Peter is a good friend and a great guy. A very religious man, I swear he single-handedly keeps Christian bookstores in business buying up bundles of anything he thinks will help people see the light.
Married to his soul mate, Peter is a great father, and, by his own admission, an even better grandfather. “It’s just so much easier to love them,” he says of his grandchildren, and any time they do something they shouldn’t, you don’t have to scold them you just have to fill them with sugar and give them back!” he chortles.
Peter is a giver, not a taker. In addition to transforming his car into a veritable bookmobile, he’s always the first to contribute to a worthy cause. If it’s a $16 ticket to a luncheon, Peter will quickly hand you two twenties so he can take along a friend or associate who would “benefit.”
Keep the change,” he’ll say. “Give it to someone who really needs it.”
If Peter has an Achilles’ heel it’s his family’s lack of spirituality. Raised in the church, his kids for the most part have turned away from it and that hurts Peter more than his knee, which is in constant agony, and will one day get replaced.
Peter’s siblings aren’t churchgoers either, and at any family religious music CD, or movie DVD into what I suspect is a reluctant hand.
Peter’s a smart guy; he knows that most of what he gives isn’t read, watched or listened to, but that doesn’t discourage him. People who plant seeds rarely see the harvest, the Bible says, and that’s okay with Peter.
Peter’s mother died years ago. In her Will she divided her modest estate between her four children equally. Peter was one of the two executors of the estate and he did his very best to carry out his mother’s wishes.
There was a problem, however. The Will was written many years earlier when she had children but no grandchildren.
It was a well-known fact between the three children who eventually had kids of their own that it was her intention to include the grandchildren in the will. It was assumed that she’d updated her will but she did not. In the years before her death, Peter’s mother developed dementia and then Alzheimer’s and any update to her will at that time could have been easily contested on the grounds that she wasn’t of sound mind.
It doesn’t matter really, the Will wasn’t updated and no one knew this until after her passing.
When distributing the proceeds of the $100,000 estate Peter had a decision to make: divide it in four equal parts and deny the five grandchildren the small share their grandmother had promised verbally but hadn’t put in writing, or give $2,000 to each child as Peter’s mom wanted and then divide the $90,000 balance four ways.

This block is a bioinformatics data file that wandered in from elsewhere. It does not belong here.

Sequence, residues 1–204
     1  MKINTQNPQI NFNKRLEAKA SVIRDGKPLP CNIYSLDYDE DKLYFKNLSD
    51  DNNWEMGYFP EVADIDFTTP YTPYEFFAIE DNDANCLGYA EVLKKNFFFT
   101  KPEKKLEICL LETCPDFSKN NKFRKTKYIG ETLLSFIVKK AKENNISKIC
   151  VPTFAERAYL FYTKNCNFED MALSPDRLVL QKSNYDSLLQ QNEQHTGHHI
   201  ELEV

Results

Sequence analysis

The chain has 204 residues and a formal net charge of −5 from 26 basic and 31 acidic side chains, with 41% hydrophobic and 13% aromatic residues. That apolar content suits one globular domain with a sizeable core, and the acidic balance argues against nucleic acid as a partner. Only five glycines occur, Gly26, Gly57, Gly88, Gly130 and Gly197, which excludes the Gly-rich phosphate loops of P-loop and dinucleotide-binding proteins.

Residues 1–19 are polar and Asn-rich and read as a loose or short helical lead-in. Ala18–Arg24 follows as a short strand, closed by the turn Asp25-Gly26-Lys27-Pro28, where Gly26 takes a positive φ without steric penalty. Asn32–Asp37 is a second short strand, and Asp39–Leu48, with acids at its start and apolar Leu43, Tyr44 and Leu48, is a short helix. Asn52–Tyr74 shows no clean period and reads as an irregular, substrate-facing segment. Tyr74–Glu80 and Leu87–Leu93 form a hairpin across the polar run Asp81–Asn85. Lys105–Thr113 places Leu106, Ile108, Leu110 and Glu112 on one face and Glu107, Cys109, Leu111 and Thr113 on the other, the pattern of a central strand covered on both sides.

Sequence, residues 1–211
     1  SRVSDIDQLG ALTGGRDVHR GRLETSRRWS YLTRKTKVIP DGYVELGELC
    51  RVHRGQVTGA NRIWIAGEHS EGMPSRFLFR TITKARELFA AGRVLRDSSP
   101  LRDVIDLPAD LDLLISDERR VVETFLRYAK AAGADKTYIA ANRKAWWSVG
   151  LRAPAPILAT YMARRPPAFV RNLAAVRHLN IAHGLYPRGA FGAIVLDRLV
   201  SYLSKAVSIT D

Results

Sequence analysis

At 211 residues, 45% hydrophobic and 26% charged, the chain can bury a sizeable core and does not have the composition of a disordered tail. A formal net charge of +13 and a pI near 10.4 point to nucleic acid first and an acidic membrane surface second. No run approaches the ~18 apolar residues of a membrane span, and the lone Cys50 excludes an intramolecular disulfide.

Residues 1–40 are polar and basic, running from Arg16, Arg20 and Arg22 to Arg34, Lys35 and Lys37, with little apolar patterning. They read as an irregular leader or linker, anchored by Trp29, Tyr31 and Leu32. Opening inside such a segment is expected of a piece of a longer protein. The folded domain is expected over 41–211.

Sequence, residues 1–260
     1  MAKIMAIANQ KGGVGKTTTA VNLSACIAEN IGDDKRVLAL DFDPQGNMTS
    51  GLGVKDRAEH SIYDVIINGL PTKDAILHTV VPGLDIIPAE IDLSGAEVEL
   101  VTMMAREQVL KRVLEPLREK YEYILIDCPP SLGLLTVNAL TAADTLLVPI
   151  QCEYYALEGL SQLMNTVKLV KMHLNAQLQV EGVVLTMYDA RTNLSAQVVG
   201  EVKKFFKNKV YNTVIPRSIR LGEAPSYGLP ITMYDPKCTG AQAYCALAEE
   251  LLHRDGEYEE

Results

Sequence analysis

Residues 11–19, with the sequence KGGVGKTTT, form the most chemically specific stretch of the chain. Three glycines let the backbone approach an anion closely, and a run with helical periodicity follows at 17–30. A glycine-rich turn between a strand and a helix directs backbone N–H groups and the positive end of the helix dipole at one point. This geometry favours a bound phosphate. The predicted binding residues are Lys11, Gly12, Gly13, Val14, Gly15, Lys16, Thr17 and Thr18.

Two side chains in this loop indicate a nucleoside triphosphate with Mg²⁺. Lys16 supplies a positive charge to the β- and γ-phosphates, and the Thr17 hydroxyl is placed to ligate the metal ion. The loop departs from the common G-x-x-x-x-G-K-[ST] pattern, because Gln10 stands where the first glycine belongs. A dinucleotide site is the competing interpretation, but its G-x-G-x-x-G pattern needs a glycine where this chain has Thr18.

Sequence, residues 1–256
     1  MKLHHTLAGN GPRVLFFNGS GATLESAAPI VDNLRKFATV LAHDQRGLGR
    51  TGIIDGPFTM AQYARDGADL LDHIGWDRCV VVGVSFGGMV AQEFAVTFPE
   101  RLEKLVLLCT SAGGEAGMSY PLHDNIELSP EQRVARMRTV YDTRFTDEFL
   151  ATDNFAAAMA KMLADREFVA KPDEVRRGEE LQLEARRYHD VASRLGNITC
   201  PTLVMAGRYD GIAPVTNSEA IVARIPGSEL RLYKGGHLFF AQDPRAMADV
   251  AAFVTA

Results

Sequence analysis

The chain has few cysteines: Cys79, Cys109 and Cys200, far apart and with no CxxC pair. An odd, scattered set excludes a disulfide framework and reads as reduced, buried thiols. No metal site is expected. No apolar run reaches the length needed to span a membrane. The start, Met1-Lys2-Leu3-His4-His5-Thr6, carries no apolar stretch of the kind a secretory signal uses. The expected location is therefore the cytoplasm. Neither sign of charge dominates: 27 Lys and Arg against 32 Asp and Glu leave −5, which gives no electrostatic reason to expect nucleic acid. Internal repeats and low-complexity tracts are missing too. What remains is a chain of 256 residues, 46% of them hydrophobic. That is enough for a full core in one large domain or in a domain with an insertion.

Peter couldn’t win.
He had two children, as did his sister. One of his brothers had one child. He couldn’t deny his mother’s wishes. But what of the brother who was single and childless? How was he to do right by him, too?
Caught between a rock and a hard place, Peter made the best decision he could: he honoured his mother’s wishes. As a result, Peter’s single, childless brother got $22,500 instead of $25,000.
And then all hell broke loose.
Peter’s “losing” brother threatened to sue and questioned Peter’s honour calling him a crappy Christian (and probably a whole lot worse). He then fell off the face of the earth. Now the brother doesn’t attend family functions, doesn’t make or accept calls, and returns letters unopened.
Peter believes he did the right thing but readily accepts that his brother sees things quite differently.
Although I’ve known Peter for years, I never knew this had happened or continued to trouble him until one day we were talking about restoring broken relationships. “[God] has restored our relationship with Him through Christ, and has given us this ministry of restoring relationships,” it reads in 2 Corinthians 5:18 (GWT).
Peter takes this quite seriously.
Relationships are important to God and to restore them We must bear the ‘burden’ of being considerate of the doubts and fears of others…. Let’s please the other fellow, not ourselves,” it says in Romans 15:2 (TLB) “and do what is for His good.”
Peter knows all this and more.
He feels guilty for whatever part he played in the break and wants nothing more than to make things right.
But what’s right?
And how do you fix such brokenness that must surely involve some degree of brokenness between the brother and his dearly departed mother?
Maybe it has little or nothing to do with the money; maybe the brother is upset at himself that he’s not married and he’s taking it out on the others. Maybe he’s jealous.
God only knows.
So what does Peter do?
Does Peter try to explain things for the hundredth time hoping that this time it’ll get through?
Should Peter simply pay his brother $2,500 to make up the difference or does he need to pay that amount and add interest, too? Or does Peter pay one third of the $2,500 hoping his other brother and sister will do the same?
Peter’s heart is broken, more so because he feels culpable, even though, as he tells ME for the hundredth time, he was only acting on his mother’s wishes.
Peter can’t let this matter go. He’s praying on it now, I’m sure. One thing is for sure: when it comes to matters involving money there are no easy answers.